In a prior blog post, the presence of dominant alleles in my genome gave me pause when trying to interpret the data from sequencing my DNA. Dominant alleles can be the cause disease when only one pathogenic variation occurs in only one gene copy of the chromosome pair. Contrast this to a recessive allele where you must get a defect in both chromosome copies of the gene to cause disease. In the recessive condition, if you only have one defective copy, you can expect to remain healthy, but you are a carrier of a disease allele. With the lack of immediate consequence to being a carrier status, many more individuals should be walking around with variations that are recessive towards disease. In fact, the CFTR gene variation (p.Arg117His) for Cystic Fibrosis that was highlighted in my Veritas Genomic sequencing report is quite common. It occurs globally at 1 per 2,500 persons, and that increases close to 1 per 1,000 for northern europeans, which is a dominant portion of my ancestral genomic composition. In contrast, the CACNA1S variant (p.Arg419His) that most concerns me in my genome, has a prevalence of 1 in 25,000. That is low enough to be considered a rare disease in Europe, but probably still too high for disease manifestation rates.
Rare domination in CACNA1S needs to be rare enough to cause Hypokalemic Periodic Paralysis
Dominant disease causality with the Arg419His variation in CACNA1S is unlikely because it is too frequent for the 1 per 100,000 population frequency for the disease of Hypokalemic Periodic Paralysis. Yet there are two variations known to be causative in CACNA1S, Arg528His and Arg1239His. Arg528His occurs at close to 1 per 100,000, while Arg1239His has yet to be detected in healthy populations. Clearly the Arg11239His is low enough population frequency to be causative for Hypokalemic Periodic Paralysis. Yet for my Arg419His, the frequency is too high for it to be causative. A variant effect that is autosomal dominant is extremely unlikely for my lone Arg419His allele.
If dominant alleles need to be rare in the population, how frequent is dominant status for variants of a disease?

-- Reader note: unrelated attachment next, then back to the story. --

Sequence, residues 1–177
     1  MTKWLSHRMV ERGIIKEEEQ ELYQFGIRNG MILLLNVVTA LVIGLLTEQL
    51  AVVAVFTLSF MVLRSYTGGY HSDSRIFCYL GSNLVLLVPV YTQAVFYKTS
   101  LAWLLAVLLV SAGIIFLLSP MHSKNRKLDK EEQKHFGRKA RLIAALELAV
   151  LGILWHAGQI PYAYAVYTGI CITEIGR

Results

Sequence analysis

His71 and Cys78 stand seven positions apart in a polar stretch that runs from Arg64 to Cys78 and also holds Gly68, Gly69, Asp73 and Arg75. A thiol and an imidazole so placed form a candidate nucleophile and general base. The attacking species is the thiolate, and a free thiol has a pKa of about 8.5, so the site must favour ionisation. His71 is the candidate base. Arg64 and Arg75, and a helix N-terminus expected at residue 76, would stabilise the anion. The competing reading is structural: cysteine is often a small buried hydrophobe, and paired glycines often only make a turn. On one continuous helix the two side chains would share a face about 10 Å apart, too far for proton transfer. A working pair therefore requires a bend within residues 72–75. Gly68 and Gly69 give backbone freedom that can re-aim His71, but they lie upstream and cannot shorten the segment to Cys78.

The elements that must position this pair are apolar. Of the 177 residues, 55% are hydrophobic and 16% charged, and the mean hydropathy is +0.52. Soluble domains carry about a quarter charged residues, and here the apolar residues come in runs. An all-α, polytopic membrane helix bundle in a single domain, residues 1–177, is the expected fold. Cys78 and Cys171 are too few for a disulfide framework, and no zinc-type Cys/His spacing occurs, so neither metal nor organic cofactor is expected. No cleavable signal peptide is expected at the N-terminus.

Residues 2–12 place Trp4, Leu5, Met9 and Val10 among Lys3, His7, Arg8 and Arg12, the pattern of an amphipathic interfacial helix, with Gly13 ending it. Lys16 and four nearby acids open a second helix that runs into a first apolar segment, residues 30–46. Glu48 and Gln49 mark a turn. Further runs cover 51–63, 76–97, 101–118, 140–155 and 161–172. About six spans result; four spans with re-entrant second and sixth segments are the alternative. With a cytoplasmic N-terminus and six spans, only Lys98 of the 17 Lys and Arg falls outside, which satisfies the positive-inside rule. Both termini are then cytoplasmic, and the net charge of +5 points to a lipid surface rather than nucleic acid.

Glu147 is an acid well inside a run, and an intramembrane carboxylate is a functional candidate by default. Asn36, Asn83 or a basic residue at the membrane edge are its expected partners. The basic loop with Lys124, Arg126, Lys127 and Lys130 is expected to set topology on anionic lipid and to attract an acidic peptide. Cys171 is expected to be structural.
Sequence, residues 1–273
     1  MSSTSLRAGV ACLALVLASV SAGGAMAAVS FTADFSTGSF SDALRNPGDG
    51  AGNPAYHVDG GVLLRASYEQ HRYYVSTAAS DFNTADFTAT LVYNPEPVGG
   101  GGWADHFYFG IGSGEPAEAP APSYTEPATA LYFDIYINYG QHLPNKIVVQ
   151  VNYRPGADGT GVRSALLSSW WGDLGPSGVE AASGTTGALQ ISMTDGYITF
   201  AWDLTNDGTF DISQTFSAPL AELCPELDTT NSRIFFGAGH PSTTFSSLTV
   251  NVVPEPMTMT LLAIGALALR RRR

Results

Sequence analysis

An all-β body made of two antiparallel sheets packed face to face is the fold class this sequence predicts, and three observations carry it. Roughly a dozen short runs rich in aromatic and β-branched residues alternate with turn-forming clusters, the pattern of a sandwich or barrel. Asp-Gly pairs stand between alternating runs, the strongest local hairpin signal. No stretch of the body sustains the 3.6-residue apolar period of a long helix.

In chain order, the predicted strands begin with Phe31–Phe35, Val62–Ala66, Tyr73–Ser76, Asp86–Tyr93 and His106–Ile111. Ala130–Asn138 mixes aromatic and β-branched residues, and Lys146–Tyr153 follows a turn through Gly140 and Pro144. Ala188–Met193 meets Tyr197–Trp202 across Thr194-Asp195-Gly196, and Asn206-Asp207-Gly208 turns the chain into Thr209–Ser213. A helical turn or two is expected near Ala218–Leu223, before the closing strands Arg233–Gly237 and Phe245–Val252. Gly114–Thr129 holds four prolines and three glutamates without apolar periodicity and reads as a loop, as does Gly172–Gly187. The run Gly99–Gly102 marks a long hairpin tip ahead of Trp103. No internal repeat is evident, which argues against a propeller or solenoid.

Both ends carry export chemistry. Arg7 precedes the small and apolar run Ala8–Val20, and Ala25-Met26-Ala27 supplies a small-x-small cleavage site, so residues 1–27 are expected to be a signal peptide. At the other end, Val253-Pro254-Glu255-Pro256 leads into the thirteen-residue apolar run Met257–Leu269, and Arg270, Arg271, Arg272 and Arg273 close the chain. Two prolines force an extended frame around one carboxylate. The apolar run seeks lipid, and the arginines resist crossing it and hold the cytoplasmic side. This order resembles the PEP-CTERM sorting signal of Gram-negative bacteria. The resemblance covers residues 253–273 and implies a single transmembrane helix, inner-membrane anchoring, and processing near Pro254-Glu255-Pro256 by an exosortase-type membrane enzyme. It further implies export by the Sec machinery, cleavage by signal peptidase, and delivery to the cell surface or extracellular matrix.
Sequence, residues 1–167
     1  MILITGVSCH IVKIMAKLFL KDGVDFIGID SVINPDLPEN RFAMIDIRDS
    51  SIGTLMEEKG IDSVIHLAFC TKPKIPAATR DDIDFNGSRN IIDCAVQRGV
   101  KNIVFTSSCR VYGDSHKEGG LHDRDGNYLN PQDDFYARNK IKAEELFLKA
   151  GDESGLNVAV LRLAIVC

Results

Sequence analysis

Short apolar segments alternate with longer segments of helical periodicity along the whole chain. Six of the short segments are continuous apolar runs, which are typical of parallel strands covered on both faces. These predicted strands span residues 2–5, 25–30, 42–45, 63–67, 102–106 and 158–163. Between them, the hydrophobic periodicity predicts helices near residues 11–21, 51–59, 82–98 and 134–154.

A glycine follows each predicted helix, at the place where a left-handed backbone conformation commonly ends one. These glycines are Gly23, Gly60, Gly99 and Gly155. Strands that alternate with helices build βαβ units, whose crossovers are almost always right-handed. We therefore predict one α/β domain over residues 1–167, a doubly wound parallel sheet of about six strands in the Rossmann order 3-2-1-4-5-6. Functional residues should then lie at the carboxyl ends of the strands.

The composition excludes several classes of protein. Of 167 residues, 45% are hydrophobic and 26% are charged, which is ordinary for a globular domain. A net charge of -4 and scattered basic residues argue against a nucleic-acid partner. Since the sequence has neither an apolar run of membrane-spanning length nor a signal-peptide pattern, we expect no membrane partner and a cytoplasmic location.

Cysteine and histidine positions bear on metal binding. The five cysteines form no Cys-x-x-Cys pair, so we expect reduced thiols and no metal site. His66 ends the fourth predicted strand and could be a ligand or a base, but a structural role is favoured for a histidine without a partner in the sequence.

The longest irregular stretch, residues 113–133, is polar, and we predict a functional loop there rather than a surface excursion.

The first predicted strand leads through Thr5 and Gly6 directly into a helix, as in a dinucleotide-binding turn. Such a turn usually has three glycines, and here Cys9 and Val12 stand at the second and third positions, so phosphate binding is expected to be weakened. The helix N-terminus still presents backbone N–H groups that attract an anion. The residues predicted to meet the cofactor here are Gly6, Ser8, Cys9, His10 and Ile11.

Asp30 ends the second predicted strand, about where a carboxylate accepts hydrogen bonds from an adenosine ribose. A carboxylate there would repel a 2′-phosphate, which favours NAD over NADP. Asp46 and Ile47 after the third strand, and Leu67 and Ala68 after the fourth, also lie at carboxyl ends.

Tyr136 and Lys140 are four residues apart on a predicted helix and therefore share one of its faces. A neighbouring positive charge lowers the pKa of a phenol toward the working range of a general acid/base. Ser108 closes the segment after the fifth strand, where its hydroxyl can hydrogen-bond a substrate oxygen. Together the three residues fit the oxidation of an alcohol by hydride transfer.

The frequency of autosomal dominance for any given disease gene appears to be quite high. It is estimated that there are about 7,000 Rare Diseases. If we assume the On-line Mendelian Inheritance in Man (OMIM) already represents most of these genes, then rare disease variants will map to the 4346 gene entries in OMIM with published allelic variations. Next, I listed these variations in blocks of 100 to reveals the number of genes for which they are known to exclusively Autosomal Dominant (AD) or Autosomal Recessive (AR), or some kind of hybrid.
When one runs down the inheritance pattern and tabulates them per gene, the first 100 variants have about twice as many genes in the AR category when compared to the AD category.
Running through another 400 variants in the 100 variant blocks shows the trend continues – Dominance of a genetic conditions occurs for about 1/3rd of the disease genome.
Axiom for the individual : “I am not very dominating, but there are lots out there who are”
So at the individual basis, it appears the autosomal dominant status of pathogenic or likely pathogenic variants in your genome is very rare. Yet, at a population level, a large proportion of rare disease is caused by autosomal dominant variation. Rare disease calculate to occur at about 1 per 15 persons. So, for about 1 in 50 (150 million persons), their disease casing variation is likely to be autosomal dominant.
About the Author: Chris Hopkins
|x||Dr. Hopkins pioneered the commercialization of C. elegans transgenics. As a scientist turned entrepreneur, he now pioneers the application of humanized animal models for clinical variant prototyping.|